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Sting Compilation Albums
Sting Compilation albums Best of 25 Years
Sting has been writing tunes at his peak for longer than almost anyone else around. From the flaming hot Outlandos D'amour all the way through Soul Cages, Summoner's Tales, and If On a Winter's Night, he puts out disc after disc of sophisticated, tuneful music with some of the catchiest riffs around, all without losing focus. He has expanded sideways into reinterpretation of renaissance music, and also reinterpreted some of his own music in a symphonic context. It is a lot of ground to cover in one disc, but Best of 25 years does a good job from a number of perspectives. First, the songs. Of course, since this is a "best of" disc, most everything is familiar to fans. There are so many good songs in his catalog that choosing the songs to include must have been difficult.
"If you love somebody set them free", "We'll be together", and "fragile" are all obvious choices from his seminal "Nothing like the Sun" album. The remixes are nice, but honestly don't add a ton to what you have already heard. The magnificent and spare "Soul Cages" album is represented by only one cut, but is a great one - "All this time".
Other tracks like "Fields of Gold" and "Desert Rose" are certainly high points as well, but the real joy for me was hearing the live cuts that end this compilation. "Heavy Cloud, No Rain" is such a fantastic song with a thrumming baseline, a steady beat and an interesting structure. It gets a great bluesy treatment live, and I liked it a lot. "Demolition Man", a song that I have always liked but never loved gets a really great rocking live version with the guitars up front, ringing and screaming. It sounds meatier than the studio cut, and Sting's voice is much more mature than for the studio version, and I think it sounds better. This is now my preferred version of the song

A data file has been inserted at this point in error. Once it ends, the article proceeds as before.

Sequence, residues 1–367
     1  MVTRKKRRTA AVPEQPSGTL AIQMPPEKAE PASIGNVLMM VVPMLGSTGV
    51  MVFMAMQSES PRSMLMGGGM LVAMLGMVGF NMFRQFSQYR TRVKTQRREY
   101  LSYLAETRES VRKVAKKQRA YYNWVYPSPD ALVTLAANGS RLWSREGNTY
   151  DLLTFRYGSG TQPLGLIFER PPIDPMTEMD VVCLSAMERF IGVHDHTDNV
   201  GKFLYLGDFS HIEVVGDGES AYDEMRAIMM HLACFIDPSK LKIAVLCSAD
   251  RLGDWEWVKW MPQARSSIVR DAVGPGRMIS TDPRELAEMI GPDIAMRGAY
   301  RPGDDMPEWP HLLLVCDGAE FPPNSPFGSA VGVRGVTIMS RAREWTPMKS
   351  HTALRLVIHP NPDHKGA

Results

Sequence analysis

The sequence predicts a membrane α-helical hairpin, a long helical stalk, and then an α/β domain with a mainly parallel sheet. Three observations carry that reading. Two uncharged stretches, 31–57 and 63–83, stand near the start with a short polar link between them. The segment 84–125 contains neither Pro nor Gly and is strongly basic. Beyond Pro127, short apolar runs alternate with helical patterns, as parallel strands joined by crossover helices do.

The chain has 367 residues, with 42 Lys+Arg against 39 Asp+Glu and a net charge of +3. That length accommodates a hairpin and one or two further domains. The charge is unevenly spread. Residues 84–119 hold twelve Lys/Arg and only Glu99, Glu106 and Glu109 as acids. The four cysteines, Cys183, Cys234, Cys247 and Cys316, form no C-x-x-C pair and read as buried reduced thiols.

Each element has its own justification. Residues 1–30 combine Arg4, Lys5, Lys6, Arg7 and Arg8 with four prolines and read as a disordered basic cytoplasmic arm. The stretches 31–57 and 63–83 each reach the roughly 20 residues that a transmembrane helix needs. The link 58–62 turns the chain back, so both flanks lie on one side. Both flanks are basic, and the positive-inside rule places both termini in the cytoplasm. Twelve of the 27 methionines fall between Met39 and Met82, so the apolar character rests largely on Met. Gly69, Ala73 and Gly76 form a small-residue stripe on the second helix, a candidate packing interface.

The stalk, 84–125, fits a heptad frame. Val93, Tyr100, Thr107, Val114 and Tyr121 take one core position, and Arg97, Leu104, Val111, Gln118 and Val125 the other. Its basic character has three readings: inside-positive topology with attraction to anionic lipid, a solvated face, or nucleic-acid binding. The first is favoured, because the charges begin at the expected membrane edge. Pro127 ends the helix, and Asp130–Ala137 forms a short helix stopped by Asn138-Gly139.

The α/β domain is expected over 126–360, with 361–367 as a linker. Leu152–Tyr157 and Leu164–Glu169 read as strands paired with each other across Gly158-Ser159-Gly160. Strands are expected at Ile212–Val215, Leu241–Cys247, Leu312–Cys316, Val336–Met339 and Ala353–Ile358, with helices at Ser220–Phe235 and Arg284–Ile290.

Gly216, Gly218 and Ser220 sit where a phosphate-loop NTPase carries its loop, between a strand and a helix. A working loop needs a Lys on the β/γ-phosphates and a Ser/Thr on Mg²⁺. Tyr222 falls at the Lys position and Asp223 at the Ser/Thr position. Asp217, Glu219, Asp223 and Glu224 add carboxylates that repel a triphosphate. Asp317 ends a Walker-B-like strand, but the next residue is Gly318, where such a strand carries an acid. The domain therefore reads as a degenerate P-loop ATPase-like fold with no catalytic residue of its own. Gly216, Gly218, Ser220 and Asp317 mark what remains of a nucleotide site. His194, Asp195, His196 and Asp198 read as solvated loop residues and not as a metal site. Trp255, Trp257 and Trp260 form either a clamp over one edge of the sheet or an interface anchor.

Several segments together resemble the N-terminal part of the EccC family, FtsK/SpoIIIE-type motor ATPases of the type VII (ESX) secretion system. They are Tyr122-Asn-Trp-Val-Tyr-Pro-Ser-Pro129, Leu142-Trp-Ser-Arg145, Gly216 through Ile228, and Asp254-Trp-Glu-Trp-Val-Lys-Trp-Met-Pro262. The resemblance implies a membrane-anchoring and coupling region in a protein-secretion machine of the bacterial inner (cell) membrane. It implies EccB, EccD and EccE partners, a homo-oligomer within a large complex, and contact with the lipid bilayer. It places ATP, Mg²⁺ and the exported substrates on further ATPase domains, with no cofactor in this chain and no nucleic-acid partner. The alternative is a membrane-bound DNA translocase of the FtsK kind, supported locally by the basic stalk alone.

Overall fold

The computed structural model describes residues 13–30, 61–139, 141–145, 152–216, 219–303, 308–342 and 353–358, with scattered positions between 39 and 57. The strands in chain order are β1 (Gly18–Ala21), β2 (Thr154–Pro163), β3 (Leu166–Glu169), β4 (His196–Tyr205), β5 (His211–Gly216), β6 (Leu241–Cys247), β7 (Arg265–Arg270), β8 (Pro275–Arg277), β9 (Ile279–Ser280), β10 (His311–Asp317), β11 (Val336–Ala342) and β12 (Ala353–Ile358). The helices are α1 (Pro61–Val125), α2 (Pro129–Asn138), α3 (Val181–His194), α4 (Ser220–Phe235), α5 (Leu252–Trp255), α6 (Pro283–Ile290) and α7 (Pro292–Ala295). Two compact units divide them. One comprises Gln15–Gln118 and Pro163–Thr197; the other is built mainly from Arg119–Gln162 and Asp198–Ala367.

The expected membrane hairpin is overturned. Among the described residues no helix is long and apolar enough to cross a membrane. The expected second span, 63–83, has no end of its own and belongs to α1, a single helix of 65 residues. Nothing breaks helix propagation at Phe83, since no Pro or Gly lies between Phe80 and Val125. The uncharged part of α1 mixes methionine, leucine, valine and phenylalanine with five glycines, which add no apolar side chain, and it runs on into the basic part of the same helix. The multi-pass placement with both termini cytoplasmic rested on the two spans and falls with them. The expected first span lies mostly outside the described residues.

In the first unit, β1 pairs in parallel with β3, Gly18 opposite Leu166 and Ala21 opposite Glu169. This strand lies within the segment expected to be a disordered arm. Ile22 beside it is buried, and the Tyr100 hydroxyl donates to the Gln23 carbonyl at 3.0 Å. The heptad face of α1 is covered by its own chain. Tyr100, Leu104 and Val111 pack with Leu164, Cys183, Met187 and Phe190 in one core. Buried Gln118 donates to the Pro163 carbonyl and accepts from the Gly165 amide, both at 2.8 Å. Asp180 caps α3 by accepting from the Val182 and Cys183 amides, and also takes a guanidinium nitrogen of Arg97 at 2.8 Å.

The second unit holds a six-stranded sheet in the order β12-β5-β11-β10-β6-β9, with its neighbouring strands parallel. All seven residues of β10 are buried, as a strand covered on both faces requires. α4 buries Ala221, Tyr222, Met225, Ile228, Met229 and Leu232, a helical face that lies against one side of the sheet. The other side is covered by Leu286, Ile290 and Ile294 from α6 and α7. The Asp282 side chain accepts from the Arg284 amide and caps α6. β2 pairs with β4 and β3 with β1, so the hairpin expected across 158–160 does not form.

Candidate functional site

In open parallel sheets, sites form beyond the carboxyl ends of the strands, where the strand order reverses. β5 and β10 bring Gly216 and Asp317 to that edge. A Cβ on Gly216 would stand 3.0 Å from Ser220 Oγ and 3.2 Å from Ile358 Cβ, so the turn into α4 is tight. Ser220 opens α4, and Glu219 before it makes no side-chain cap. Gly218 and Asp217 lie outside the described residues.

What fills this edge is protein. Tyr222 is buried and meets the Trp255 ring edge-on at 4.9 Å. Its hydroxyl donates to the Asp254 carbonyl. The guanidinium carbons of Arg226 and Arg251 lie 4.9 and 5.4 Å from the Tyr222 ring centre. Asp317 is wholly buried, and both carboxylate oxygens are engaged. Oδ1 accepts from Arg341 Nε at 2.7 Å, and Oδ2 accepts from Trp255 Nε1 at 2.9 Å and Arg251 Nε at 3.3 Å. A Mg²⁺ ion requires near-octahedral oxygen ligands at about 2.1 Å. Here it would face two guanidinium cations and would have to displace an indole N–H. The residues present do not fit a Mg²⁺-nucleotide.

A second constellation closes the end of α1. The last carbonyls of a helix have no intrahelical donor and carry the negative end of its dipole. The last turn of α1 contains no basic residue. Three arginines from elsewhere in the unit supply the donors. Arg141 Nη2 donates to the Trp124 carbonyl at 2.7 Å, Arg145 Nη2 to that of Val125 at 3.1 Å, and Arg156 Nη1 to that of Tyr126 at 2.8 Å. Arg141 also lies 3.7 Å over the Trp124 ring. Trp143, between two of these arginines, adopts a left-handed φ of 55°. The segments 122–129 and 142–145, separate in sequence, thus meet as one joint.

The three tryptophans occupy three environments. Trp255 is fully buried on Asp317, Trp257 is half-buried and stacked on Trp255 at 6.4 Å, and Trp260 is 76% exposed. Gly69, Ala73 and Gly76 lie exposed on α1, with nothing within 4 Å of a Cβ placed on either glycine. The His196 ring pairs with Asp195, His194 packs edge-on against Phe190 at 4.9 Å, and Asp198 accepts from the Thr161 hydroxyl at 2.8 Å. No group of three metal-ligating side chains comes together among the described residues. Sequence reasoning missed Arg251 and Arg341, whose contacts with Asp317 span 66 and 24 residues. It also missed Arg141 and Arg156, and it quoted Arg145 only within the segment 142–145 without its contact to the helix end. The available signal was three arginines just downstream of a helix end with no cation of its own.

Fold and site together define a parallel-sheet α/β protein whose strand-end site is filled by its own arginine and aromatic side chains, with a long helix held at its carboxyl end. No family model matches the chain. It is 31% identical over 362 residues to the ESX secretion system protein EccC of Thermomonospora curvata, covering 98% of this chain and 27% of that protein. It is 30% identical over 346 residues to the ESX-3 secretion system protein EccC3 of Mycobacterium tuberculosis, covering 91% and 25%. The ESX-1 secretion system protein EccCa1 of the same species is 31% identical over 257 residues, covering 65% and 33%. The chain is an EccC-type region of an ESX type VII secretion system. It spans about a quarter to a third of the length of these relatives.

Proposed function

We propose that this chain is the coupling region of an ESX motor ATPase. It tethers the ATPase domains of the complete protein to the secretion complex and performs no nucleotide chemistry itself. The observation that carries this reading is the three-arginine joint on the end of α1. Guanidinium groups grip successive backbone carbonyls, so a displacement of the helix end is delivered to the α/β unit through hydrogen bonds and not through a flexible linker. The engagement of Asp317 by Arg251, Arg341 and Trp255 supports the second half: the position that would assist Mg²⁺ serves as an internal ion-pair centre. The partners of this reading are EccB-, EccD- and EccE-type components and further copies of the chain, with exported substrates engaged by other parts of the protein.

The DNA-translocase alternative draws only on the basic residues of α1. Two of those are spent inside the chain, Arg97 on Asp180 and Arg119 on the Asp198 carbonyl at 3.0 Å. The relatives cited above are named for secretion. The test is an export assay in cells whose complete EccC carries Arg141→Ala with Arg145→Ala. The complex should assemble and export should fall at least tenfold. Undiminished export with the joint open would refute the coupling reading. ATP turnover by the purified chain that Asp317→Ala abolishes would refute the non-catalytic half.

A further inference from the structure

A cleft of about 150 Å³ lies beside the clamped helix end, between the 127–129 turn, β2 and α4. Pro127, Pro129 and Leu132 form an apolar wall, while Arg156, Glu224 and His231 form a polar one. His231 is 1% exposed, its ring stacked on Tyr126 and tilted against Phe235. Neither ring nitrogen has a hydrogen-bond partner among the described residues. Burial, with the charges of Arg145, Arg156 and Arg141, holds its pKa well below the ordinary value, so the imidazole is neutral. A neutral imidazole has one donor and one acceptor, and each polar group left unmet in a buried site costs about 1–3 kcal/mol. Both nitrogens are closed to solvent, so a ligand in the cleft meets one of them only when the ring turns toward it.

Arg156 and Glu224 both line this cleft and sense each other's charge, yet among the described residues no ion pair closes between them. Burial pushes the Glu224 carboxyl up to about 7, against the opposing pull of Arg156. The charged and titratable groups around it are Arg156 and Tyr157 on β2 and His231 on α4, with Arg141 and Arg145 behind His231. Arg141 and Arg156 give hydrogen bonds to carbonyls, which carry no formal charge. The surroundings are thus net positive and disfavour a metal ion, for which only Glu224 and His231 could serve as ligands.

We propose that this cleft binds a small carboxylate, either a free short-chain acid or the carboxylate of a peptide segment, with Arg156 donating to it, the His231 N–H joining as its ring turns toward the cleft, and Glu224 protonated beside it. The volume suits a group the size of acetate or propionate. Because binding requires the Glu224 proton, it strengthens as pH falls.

Sting Fields of Gold: The Best of Sting 1984-1994
Fields of Gold: The Best of Sting 1984-1994 is the first compilation issued by Sting. It features hit singles from his studio albums The Dream of the Blue Turtles, ...Nothing Like the Sun, The Soul Cages, and Ten Summoner's Tales.
The album features two new songs, "When We Dance" and "This Cowboy Song", which were both released as singles. An alternate version of "We'll Be Together" is also featured. While the liner notes do not mention this, the version of "Why Should I Cry for You" on this compilation differs from the one on The Soul Cages. The seventeen track international version contains five tracks not included on the fourteen track U.S. release, but does not include "Be Still My Beating Heart" or "Fortress Around Your Heart".
A good overview of Sting's radio hits and popular album tracks with only one major omission ("Mad About You"), Fields of Gold also offers three previously-unreleased songs. "This Cowboy Song" and "When We Dance" appear on no other album, while "We'll Be Together" is an alternate version. The import version of this collection offers a substantially different (and expanded) track listing, dropping "Fortress Around Your Heart," "Be Still My Beating Heart," and "Why Should I Cry for You"; and adding "Mad About You," "Nothing 'Bout Me," "Seven Days," "It's Probably Me," "Love is the Seventh Wave," and "Demolition Man." --Gavin McNett